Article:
A little bit of background is probably in order. Basically someone searched for themselves on Google, and the autocomplete feature offered suggestions such as con man and fraud.
Defamation and slander will always exist in some form or another in the open world. Auto complete within Google searches is a relatively new feature, so when I read of the decision that was upheld in the Court of Milan I somewhat echoed Googles disappointed response.
It’s not up to the search engine service to censor the entirety of the internet, after all the pages which the terms were a part of still exist, are indexed and can be found when you look. This is where brand and image management come into play, if someone messes with your online image, it’s dealt with quickly and efficiently.
Perhaps this is just another strong example for anyone with prospective web ideas. Always go with the option to opt-in as opposed to opt-out. The web is experiencing it’s own version of growing pains, when you’re ready to make your tracks online just be sure you have the search experts on your side.
Sometimes a discussion crops up about how the search game is dead, or about how the next amazing search engine will change the way the world searches. It’s a great idea, and one that should be pushed continually to it’s limits, it’s competition which develops innovation after all. In the end however, there are some elements of the game which just won’t change. At least not for the fore seeable future.
As a metphor, think of a wheel. Round, helps carry a vehicle of sorts to it’s destination. There are core elements which make up the ‘whole’ of the wheel. It’s shape, it’s internal to external strengthening in the manner of spokes of some kind and connected to a point to which it can spin. If you change any of those variables, then what you’ve created is no longer a wheel right?
The same core intricacies exist in the world of search. Google helped define what those core principles are, and while some of the players make their own additions or variations to them, they’re still part of the whole. Just like 1+1 will always equal 2, when you boil down the search algorithm used by the search engines out there, they all break down to the same basic structure.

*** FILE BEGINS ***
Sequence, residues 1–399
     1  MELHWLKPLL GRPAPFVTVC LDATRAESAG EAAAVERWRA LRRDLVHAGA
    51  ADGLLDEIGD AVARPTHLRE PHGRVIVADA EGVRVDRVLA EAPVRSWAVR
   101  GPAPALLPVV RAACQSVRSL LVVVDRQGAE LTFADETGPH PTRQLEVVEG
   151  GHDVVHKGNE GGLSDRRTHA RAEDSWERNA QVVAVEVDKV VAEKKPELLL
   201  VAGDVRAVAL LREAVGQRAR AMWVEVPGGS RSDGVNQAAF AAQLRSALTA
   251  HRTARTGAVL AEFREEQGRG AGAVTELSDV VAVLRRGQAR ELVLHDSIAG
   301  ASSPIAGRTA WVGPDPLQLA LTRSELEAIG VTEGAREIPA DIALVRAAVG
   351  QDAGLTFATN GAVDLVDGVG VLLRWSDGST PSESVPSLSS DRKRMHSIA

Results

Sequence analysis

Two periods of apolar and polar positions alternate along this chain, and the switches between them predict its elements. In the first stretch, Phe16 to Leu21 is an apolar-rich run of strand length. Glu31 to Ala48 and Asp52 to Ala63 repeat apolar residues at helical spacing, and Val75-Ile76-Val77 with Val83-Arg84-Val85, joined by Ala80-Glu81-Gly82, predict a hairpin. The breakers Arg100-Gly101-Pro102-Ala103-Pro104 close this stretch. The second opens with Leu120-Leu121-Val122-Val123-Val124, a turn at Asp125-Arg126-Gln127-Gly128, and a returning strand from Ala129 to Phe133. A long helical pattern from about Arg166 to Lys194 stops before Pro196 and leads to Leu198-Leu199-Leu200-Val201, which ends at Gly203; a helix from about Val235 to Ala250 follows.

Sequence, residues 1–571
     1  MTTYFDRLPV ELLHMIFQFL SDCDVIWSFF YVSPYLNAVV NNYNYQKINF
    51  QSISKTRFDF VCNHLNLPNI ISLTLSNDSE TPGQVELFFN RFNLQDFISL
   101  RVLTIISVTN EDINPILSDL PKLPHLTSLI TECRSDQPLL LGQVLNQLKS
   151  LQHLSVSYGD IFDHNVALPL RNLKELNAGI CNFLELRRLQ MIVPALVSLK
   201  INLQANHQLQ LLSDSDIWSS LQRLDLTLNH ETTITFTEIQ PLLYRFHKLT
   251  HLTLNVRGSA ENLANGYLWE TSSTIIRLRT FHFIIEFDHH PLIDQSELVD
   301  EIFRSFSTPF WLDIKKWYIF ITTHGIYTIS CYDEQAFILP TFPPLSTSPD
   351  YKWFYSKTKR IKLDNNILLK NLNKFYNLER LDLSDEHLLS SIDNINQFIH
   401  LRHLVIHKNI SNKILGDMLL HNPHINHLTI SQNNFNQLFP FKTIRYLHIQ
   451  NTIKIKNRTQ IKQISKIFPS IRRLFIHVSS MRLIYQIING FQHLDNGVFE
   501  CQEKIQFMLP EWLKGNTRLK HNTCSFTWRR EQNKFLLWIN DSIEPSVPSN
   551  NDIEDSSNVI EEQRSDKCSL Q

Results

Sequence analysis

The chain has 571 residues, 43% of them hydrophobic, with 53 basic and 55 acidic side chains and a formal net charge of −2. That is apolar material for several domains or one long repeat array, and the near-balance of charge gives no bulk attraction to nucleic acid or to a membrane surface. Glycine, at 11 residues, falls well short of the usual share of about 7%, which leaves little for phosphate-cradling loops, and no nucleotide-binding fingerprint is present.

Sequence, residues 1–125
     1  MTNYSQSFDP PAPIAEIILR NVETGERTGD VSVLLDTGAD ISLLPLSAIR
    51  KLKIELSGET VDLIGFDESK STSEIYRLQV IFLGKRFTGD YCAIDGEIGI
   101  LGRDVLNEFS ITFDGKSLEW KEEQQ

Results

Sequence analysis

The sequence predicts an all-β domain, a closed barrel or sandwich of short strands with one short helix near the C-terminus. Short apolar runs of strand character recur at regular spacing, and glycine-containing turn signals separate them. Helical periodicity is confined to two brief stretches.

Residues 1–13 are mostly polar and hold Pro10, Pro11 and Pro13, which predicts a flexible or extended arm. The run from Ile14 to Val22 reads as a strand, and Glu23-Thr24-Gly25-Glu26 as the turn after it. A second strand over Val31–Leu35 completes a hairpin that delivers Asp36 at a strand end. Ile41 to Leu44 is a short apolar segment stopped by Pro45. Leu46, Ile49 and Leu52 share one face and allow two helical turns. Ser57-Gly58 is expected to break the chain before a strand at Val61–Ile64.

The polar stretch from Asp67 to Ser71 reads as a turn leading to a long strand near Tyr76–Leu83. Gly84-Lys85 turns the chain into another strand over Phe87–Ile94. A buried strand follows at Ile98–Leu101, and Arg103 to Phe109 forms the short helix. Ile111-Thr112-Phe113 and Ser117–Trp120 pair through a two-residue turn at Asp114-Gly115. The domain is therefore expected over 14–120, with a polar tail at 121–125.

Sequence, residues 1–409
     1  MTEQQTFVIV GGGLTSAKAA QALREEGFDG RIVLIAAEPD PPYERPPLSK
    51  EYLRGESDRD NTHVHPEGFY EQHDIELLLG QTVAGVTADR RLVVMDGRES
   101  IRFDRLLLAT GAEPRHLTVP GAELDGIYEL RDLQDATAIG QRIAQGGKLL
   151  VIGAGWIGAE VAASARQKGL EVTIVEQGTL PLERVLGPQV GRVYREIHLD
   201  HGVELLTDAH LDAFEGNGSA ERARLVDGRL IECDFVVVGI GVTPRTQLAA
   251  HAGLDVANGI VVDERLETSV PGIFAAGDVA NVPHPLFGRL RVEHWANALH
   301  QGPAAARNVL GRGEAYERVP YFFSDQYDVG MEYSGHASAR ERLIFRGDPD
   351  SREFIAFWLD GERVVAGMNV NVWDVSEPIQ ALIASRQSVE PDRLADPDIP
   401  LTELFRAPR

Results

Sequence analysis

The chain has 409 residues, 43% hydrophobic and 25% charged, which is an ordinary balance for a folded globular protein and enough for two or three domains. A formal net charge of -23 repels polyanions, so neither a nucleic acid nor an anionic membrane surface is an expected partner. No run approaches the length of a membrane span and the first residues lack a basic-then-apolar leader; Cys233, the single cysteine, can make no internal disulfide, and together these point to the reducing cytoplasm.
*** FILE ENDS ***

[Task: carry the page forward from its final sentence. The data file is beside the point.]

When a user types their query, check the database. Do we have a match? Display the list.
From there is where it gets complicated, that’s where the refining comes in, the positive and negative values associated to all sorts of terms. Gambling, sex, government, medical etc.
The core of the game has never changed and won’t be changing for the immediate future. I don’t have a crystal ball in my possession, but until a company can come forward with a faster, more complete, and intuitive version of a search engine, the game will always be as it has always been.
So in a bit of a twist of the online nature, it’s a decidedly different change in the race to the cloud so to speak. It wasn’t Google to do it, it wasn’t Microsoft, it looks like the crown for first will be going to Amazon.
Last week the online mega-sales site launched it’s Android app store, and just yesterday made an unexpected offering, Amazong Cloud Drive and Cloud Player. Interesting note, it is not iFriendly. Now it’s not the full service cloud solution that some people may be looking at exploring, but if the player and storage are stable under heavy load, it speaks well for Amazons future forays into the cloud. It starts off fairly basic, with 5GB of storage for your music enjoyment, but you’re upgraded to 20 GB of storage for the purchase of one MP3 album. Now just because it’s a cloud based music player, doesn’t mean it’s restricted, your storage space can be used for essentially anything, music, documents, photos etc.